Big Data Architectures — Lamdba & Kappa
To be a data-driven organization is still one of the top strategic priorities for any company in 2022. Data remains a key differentiator to create an edge in today’s market. From curating customer experience to achieving operational excellence data enables every initiative to support quick and informed decision making. People, usually relate being data-driven as the ability to store and process massive volumes of data however ensuring timely data and insights is equally crucial. For example, consider a fraudulent credit card transaction detection scenario in Banking & Financial Services (BFS) industry, an immediate notification trigger to the customer can prevent the fraud. The traditional batch (ETL) architectures are not capable to accommodate these low latency data requirements. The velocity of retrieval was not as important in the past, however with the increasing volume of streaming data, enterprises today need to design infrastructures to meet such aspects of big data.
The Big data buzz originally started with 3V’s (Volume, Variety and Velocity), however it has crossed over 40 Vs(42 V’s of Big Data & Data Science) today. Big data architecture handles the ingestion, processing and analysis of data that cannot be handled easily by traditional database systems. To address how the big data pipelines can be architected based on the velocity/speed requirements of the use cases, we will discuss two popular architectures here — Lambda and Kappa. But before getting into those, let’s first revisit the architectural approaches — batch and streaming.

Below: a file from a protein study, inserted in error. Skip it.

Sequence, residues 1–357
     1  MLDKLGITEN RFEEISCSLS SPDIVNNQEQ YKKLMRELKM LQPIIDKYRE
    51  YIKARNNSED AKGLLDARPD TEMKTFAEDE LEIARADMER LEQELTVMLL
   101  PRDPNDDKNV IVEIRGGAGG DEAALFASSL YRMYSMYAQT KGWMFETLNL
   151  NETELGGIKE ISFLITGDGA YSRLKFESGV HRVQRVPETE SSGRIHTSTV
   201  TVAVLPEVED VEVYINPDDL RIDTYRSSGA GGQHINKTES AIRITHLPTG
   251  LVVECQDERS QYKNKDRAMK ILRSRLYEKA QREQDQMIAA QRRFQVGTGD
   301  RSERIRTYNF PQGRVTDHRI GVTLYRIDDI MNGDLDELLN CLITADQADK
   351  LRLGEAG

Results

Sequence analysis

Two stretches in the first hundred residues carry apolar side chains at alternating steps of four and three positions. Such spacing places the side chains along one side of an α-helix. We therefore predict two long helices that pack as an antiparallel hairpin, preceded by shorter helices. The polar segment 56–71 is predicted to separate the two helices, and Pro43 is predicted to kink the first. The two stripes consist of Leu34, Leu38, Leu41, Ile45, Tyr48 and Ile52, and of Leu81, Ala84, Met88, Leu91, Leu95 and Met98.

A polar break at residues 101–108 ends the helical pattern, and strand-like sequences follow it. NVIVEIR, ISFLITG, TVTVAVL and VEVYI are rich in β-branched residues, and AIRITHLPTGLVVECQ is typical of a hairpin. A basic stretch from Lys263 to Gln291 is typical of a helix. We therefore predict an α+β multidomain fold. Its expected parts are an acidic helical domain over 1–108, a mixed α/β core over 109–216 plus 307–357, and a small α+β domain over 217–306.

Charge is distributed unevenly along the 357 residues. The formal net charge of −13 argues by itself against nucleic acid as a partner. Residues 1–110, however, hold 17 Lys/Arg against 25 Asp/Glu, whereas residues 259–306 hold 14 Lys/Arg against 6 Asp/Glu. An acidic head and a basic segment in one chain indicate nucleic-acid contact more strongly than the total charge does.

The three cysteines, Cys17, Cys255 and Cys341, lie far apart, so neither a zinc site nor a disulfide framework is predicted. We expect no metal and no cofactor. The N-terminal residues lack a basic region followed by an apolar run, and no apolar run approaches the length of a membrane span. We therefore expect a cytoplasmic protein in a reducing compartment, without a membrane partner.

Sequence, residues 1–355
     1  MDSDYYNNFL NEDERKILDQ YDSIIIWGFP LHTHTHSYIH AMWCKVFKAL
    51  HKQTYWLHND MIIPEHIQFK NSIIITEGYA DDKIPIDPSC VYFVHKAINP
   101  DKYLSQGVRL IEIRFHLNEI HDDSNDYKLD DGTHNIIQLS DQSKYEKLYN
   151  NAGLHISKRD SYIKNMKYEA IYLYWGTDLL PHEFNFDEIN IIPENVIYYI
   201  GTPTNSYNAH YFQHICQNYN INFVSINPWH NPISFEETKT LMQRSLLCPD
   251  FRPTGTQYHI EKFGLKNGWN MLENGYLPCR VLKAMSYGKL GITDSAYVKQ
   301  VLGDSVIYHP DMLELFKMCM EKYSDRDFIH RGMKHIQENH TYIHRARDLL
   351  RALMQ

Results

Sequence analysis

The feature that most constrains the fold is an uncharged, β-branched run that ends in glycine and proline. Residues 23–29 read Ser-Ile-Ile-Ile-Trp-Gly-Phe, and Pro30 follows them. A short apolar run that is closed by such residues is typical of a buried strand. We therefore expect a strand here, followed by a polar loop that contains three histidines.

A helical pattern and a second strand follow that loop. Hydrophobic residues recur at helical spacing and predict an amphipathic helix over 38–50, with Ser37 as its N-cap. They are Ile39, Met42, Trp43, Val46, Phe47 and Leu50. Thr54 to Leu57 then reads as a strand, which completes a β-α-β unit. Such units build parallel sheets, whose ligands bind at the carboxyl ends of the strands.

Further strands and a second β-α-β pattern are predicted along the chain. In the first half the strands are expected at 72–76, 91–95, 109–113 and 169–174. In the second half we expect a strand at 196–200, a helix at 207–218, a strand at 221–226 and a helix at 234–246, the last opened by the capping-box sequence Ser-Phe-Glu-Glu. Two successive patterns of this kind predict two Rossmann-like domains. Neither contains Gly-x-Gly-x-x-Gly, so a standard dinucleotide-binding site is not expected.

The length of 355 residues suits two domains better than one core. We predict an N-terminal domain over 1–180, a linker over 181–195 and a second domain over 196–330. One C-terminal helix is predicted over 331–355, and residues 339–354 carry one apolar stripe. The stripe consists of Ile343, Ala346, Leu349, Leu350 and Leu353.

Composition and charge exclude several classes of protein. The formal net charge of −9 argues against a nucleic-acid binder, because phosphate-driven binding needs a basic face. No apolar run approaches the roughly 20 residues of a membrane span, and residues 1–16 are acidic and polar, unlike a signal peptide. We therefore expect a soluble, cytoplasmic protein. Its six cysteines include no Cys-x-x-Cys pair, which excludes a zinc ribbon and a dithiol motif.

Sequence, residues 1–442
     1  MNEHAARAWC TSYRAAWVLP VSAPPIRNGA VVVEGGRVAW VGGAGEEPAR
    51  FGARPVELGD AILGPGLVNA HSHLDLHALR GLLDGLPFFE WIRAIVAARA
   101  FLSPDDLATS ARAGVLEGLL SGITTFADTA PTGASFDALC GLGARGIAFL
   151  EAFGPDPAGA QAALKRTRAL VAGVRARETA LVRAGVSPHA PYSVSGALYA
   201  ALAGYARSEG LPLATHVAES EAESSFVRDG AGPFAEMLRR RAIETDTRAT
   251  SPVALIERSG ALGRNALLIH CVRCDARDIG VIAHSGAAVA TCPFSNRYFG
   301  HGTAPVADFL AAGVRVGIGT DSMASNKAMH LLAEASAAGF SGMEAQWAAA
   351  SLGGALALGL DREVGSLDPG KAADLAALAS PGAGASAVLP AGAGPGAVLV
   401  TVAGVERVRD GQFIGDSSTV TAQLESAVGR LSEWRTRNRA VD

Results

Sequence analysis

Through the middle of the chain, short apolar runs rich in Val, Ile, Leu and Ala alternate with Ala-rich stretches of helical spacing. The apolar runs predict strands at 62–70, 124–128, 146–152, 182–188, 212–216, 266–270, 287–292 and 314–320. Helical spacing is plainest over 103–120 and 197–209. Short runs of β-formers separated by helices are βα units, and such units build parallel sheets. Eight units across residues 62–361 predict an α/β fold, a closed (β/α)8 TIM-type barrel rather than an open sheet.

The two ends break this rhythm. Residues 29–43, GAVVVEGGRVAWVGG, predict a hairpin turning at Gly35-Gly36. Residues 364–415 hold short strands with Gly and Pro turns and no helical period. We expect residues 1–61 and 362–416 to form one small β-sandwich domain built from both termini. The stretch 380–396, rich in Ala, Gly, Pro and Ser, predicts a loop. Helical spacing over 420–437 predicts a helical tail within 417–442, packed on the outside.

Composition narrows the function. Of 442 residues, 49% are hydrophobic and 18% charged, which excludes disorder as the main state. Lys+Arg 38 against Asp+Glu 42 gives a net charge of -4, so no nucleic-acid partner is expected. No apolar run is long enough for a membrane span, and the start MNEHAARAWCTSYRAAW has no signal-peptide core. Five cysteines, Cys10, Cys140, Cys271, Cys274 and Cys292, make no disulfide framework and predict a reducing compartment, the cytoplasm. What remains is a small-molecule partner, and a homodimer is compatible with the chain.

Data Processing — Batch and Streaming
Batch Processing — In this approach, data is collected over a period of time in batches and then processed using transformation and aggregation functions, before moving it to analytical systems (DWH) or any database. Many legacy systems still run completely on batch processing as it is ideal for processing large datasets and implementing complex transformations using powerful tools. Some of the characteristics of batch processing are -
· Able to recalculate complete data from raw/ persistence layer based on the logic in data pipelines.
· Easy to implement complex logic using powerful tools available.
· The results computed are accurate. Queries are re-executed across the entire dataset in order to update results when new data arrive.
· Significant delays in data processing (depending on the job frequency)
· Data needs to be loaded and processed; hence the volume of processed data is limited by disk space of the platform.
Platforms — ETL/ELT tools,
Processing — Hadoop (map-reduce), Spark
Use cases — Payroll Processing, Credit Cards bill generation etc.
Figure-1 below, shows the traditional ETL and ELT architectures where batch processing is leveraged.